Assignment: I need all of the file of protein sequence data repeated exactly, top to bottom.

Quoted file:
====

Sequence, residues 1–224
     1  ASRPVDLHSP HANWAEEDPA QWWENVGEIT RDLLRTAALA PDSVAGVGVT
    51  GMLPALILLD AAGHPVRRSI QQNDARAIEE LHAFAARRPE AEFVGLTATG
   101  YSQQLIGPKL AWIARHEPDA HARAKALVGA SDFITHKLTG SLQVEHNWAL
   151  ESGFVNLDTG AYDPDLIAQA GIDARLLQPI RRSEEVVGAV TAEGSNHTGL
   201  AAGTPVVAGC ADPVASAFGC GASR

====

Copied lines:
Sequence, residues 1–224
     1  ASRPVDLHSP HANWAEEDPA QWWENVGEIT RDLLRTAALA PDSVAGVGVT
    51  GMLPALILLD AAGHPVRRSI QQNDARAIEE LHAFAARRPE AEFVGLTATG
   101  YSQQLIGPKL AWIARHEPDA HARAKALVGA SDFITHKLTG SLQVEHNWAL
   151  ESGFVNLDTG AYDPDLIAQA GIDARLLQPI RRSEEVVGAV TAEGSNHTGL
   201  AAGTPVVAGC ADPVASAFGC GASR